postgres_fdw_disconnect(server_name text)and will not be repeated here.
FDW Transaction Management and Performance Optimization
When querying a remote table, postgres_fdw opens a new transaction on the remote server if the transaction corresponding to the current local transaction is not already open. When the local transaction is committed or aborted, the remote transaction is also committed or aborted. Savepoints are also managed by creating the corresponding remote savepoints.
When the local transaction has a SERIALIZABLE isolation level, the remote transaction also uses that isolation level; otherwise, the REPEATABLE READ isolation level is used.
If a query performs multiple table scans on a remote server, this option ensures that it will get snapshot-consistent results for all scans. The result is that successive queries in a single transaction will see the same data from the remote server, even if other activities perform concurrent updates on the remote server. This behavior is expected if the local transaction uses the SERIALIZABLE or REPEATABLE READ isolation levels, but it may be surprising for local transactions with the READ COMMITTED isolation level. Future versions of PostgreSQL may modify these rules.
postgres_fdw will be more intelligent in determining whether a query statement (the query statements to be tested include
DELETE statements, statements involving operators, functions, joins, filter conditions and aggregate functions, etc.) should be moved down to the remote server for execution.
Ideally, the tables involved are on the remote server, and the operators, functions, etc. are all built-in types, so that postgres_fdw sends the entire query to the remote server for computation, and then just takes the results. In most cases, postgres_fdw needs to fetch the necessary data locally to perform operations such as joins, filters, and aggregate function processing. That is, postgres_fdw optimizes the queries sent to the remote server (optimizing the WHERE clause and not fetching unneeded columns) to reduce the data transfer from the remote server.
Let’s look at two examples.
Pure Remote Table Query
Original query statement:
SELECT * FROM foreign_weather;
EXPLAIN VERBOSEto view the actual query (Remote SQL) sent to the remote server as :
SELECT city, temp_low, temp_high, prcp, date FROM public.weather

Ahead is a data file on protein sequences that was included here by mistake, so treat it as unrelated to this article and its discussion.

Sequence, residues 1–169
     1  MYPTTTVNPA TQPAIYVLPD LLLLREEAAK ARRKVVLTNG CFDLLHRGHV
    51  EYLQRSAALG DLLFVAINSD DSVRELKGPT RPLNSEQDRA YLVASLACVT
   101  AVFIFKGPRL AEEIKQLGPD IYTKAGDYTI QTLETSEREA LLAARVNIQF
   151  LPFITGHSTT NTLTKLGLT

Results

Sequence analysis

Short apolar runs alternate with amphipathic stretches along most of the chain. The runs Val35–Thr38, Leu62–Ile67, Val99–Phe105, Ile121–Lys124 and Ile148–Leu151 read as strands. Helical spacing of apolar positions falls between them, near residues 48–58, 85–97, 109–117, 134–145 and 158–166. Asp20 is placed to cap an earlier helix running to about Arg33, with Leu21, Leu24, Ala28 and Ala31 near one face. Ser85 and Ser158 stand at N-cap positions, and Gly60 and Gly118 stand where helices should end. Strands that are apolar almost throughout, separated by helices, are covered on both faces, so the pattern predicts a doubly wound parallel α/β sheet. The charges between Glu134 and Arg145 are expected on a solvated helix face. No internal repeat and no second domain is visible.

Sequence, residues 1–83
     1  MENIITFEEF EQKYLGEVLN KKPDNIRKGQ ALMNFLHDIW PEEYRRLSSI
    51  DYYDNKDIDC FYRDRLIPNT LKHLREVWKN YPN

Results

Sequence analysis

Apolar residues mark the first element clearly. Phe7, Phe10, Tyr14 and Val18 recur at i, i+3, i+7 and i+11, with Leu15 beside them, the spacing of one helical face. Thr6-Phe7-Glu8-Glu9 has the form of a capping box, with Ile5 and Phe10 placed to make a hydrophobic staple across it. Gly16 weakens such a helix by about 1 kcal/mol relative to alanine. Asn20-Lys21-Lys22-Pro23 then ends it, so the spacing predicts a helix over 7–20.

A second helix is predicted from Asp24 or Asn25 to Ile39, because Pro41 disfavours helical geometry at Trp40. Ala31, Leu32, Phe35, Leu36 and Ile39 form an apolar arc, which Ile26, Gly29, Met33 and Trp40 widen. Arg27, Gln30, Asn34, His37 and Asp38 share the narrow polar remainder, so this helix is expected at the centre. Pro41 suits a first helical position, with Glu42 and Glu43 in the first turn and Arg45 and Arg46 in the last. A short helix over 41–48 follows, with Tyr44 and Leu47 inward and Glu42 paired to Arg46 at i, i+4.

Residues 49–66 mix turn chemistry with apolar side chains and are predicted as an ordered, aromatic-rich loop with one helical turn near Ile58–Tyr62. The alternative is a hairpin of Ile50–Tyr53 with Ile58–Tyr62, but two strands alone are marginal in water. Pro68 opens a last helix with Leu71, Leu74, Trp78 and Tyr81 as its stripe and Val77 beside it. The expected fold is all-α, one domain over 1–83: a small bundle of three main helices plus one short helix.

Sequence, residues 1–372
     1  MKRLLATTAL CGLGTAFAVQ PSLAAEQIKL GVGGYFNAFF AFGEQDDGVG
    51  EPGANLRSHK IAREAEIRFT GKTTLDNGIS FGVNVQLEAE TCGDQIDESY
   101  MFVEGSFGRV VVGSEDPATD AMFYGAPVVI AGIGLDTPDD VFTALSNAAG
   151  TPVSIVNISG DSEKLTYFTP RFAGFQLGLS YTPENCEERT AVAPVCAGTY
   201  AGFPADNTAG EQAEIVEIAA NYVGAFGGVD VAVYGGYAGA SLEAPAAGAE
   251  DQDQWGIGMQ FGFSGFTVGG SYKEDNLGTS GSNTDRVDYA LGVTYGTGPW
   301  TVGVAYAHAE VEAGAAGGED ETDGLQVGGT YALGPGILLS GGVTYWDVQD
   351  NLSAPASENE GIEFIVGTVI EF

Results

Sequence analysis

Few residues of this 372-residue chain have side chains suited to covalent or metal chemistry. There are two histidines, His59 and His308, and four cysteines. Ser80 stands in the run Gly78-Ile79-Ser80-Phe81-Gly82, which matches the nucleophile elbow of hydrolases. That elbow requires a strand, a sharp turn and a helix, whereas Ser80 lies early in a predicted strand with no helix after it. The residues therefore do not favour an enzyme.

$ psql -U local_user postgres postgres=> EXPLAIN VERBOSE SELECT * FROM foreign_weather; QUERY PLAN ---------------------------------------------------------------------------------- Foreign Scan on public.foreign_weather (cost=100.00..121.25 rows=375 width=194) Output: city, temp_low, temp_high, prcp, date Remote SQL: SELECT city, temp_low, temp_high, prcp, date FROM public.weather (3 rows)
Remote table and local table join query
Create a new local table
citiesand insert test data.
The SQL sent by postgres_fdw to the remote server is
$ psql -U local_user postgres postgres=> EXPLAIN VERBOSE SELECT * FROM cities c, foreign_weather w WHERE c.name = w.city; QUERY PLAN ------------------------------------------------------------------------------------------ Hash Join (cost=118.10..163.91 rows=675 width=388) Output: c.name, c.location, w.city, w.temp_low, w.temp_high, w.prcp, w.date Hash Cond: ((w.city)::text = (c.name)::text) -> Foreign Scan on public.foreign_weather w (cost=100.00..121.25 rows=375 width=194) Output: w.city, w.temp_low, w.temp_high, w.prcp, w.date Remote SQL: SELECT city, temp_low, temp_high, prcp, date FROM public.weather -> Hash (cost=13.60..13.60 rows=360 width=194) Output: c.name, c.location -> Seq Scan on public.cities c (cost=0.00..13.60 rows=360 width=194) Output: c.name, c.location (10 rows)
That is, postgres_fdw will fetch all the data of
foreign_weatherlocally and join it with the table
And for the query.
The SQL sent by postgres_fdw to the remote server is
$ psql -U local_user postgres postgres=> EXPLAIN VERBOSE SELECT c.name, max(w.temp_high) FROM cities c, foreign_weather w WHERE c.name = w.city AND w.temp_high <= 30 group by c.name; QUERY PLAN ------------------------------------------------------------------------------------------------------ HashAggregate (cost=143.17..145.17 rows=200 width=182) Output: c.name, max(w.temp_high) Group Key: c.name -> Hash Join (cost=119.25..141.98 rows=238 width=182) Output: c.name, w.temp_high Hash Cond: ((c.name)::text = (w.city)::text) -> Seq Scan on public.cities c (cost=0.00..13.60 rows=360 width=178) Output: c.name, c.location -> Hash (cost=117.60..117.60 rows=132 width=182) Output: w.temp_high, w.city -> Foreign Scan on public.foreign_weather w (cost=100.00..117.60 rows=132 width=182) Output: w.temp_high, w.city Remote SQL: SELECT city, temp_high FROM public.weather WHERE ((temp_high <= 30)) (13 rows)
That is, postgres_fdw optimizes the
WHEREconditions sent to the remote server, gets only the data it needs from the remote table
foreign_weather, and then computes it locally with the table
citiesfor join, filtering, and aggregate function processing.
In summary, we have a more detailed understanding of the basic concepts of PostgreSQL external data wrappers and how to use postgres_fdw.